CRRF Roundtable: Human Rights at 70

Human Rights at 70 – 
A Roundtable to examine the progress and gaps for communities

Thank you to everyone who attended our Roundtable on December 10th. The goal of our roundtable, held with the Centre for Immigrant and Community Services, was to examine and celebrate human rights victories of the past and engage in a deep discussion about current issues in the realm of human rights, with a special focus on the racialized aspects of poverty, income inequality, justice, education, and intercultural understanding.  

Raj Dhir addressing crowd

Our Roundtable Featured: 

  • Keynote Speaker: Raj Dhir, Ontario Human Rights Commission
  • Avvy Go, Chinese and Southeast Asian Legal Clinic
  • S. Mwarigha, VP, Woodgreen Community Centre
  • Keynote Speaker: Raj Dhir, Ontario Human Rights Commission

    Raj Dhir

    Executive Director and Chief Legal Counsel

    Raj Dhir comes to the OHRC from the Ministry of the Attorney General’s Civil Law Division, where he was overseeing ten Legal Services Branches. As the Portfolio Director, he led the development of the Civil Law Division’s Anti-Racism Action Plan and played a key role in coordinating Indigenous legal advice on several high profile matters for the government. Previously, Raj was the Legal Director at the Ministry of Indigenous Relations and Reconciliation. He has also served as a Deputy Director in roles at the Ministry of the Attorney General (Crown Law Office – Civil and the Constitutional Law Branch) and the Ministry of Labour (Litigation and Solicitor Practices). Raj also spent 11 years as counsel at the OHRC where he litigated and advised on a variety of human rights matters and appeared before administrative tribunals and at all levels of court up to and including the Supreme Court of Canada.
  • Avvy Go, Chinese and Southeast Asian Legal Clinic

    Avvy Go is the Clinic Director of the Chinese and Southeast Asian Legal Clinic (formerly known as the Metro Toronto Chinese & Southeast Asian Legal Clinic.) She received her B.A. in economics and management studies from the University of Waterloo, LL.B. from the University of Toronto, and LL.M. from Osgoode Hall Law School. Since her call to the Bar in 1991, she has worked exclusively in the legal clinic system, serving the legal needs of low income individuals and families, the majority of whom are non-English speaking immigrants and refugees. Immigration, human rights, and employment law are some of the main areas of law that she practices in.

    Avvy is a bencher of the Law Society of Upper Canada, and has been serving in that role, on and off, since 2001. She also serves on the LSUC’s Access to Justice Committee,the Equity and Aboriginal Issues Committee and the Human Rights Monitoring Group.

    Avvy has received the following awards: Senate of Canada 150 medal (2017), SOAR Medal (2017), Order of Ontario (2014), the Federation of Asian Canadian Lawyers’ Lawyer of Distinction Award (2012), City of Toronto’s William P. Hubbard Award for Race Relations (2008) and President's Award of the Women's Law Association of Ontario (2002).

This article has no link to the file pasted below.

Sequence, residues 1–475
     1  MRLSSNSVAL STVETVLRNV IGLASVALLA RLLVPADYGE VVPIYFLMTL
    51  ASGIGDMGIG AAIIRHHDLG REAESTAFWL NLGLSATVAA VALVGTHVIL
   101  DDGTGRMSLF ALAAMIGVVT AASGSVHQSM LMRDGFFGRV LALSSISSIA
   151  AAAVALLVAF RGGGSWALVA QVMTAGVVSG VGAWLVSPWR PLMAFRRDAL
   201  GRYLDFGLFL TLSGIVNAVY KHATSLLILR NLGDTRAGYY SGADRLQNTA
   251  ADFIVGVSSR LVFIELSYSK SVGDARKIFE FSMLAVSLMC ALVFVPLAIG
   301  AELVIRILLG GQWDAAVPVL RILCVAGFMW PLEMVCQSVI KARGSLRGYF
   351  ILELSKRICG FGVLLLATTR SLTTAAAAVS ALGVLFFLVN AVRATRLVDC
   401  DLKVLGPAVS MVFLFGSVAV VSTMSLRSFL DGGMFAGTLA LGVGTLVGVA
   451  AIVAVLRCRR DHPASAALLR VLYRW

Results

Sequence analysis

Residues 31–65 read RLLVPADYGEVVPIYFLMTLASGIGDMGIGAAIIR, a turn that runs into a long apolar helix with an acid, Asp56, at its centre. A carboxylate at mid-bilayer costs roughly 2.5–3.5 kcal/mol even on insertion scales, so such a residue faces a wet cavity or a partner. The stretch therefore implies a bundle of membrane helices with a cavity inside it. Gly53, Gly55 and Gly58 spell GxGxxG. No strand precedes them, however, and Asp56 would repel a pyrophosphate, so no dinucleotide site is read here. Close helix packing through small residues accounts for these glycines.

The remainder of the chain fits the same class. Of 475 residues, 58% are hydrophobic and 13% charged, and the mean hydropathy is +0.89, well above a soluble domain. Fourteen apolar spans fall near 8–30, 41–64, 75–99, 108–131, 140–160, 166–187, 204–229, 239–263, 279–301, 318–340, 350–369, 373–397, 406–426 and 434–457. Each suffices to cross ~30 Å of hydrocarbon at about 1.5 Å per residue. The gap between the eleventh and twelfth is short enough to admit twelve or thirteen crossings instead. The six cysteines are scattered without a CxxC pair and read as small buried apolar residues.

• Michael Kerr, Colour of Poverty - Colour of Change

    michael kerr is a community development worker and equity and human rights advocate nowserving as a Coordinator with Colour of Poverty-Colour of Change–the racial justice education and advocacy network in Ontario. He also teaches at Seneca College in the Social Service Worker program.

    Having worked in a number of capacities with several newcomer settlement and refugee advocacy groups and organizations over many years, as well as being active in a broad spectrum of equity, human rights and racial justice advocacy efforts and community-based campaigns -he was the founding Coordinator of the National Anti-Racism Council of Canada-NARCC( 2001-2006 ).

    Colour of Poverty –Colour of Change is a joint province-wide effort by a growing number of groups, agencies and organizations –ethno-specific and other health and social service providers as well as human rights, anti-racism and racial justice advocacy-minded groups and individuals –jointly working to address and redress the growing racialization of poverty and other related expressions of colour-coded inequality and marginalization –of both First Peoples and peoples of colour –and for racial equity, human dignity and social justice more generally across Ontario.
  • S. Mwarigha, VP, Woodgreen Community Centre

    Mwarigha is currently Vice-President Housing & Homelessness Services, Asset Sustainability & Development at WoodGreen Community Services. Previously, he was the General Manager of Peel Housing Corporation and Director in the Human Services Department/ Member of the Commissioner’s Human Services Leadership Team in the Region of Peel. Mwarigha has a rich and extensive educational/training foundation including: a Masters in Regional & Urban Planning (UZ) and in Urban Studies (UW). In addition, Mwarigha has served as an Executive Thinker-in-Residence in prominent housing organizations in UK, Australia & South Africa. In 2012, Mwarigha completed a week study tour of Sweden’s Municipal sustainability services and green infrastructure.

Presented in Partnership with:

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Sponsors include:

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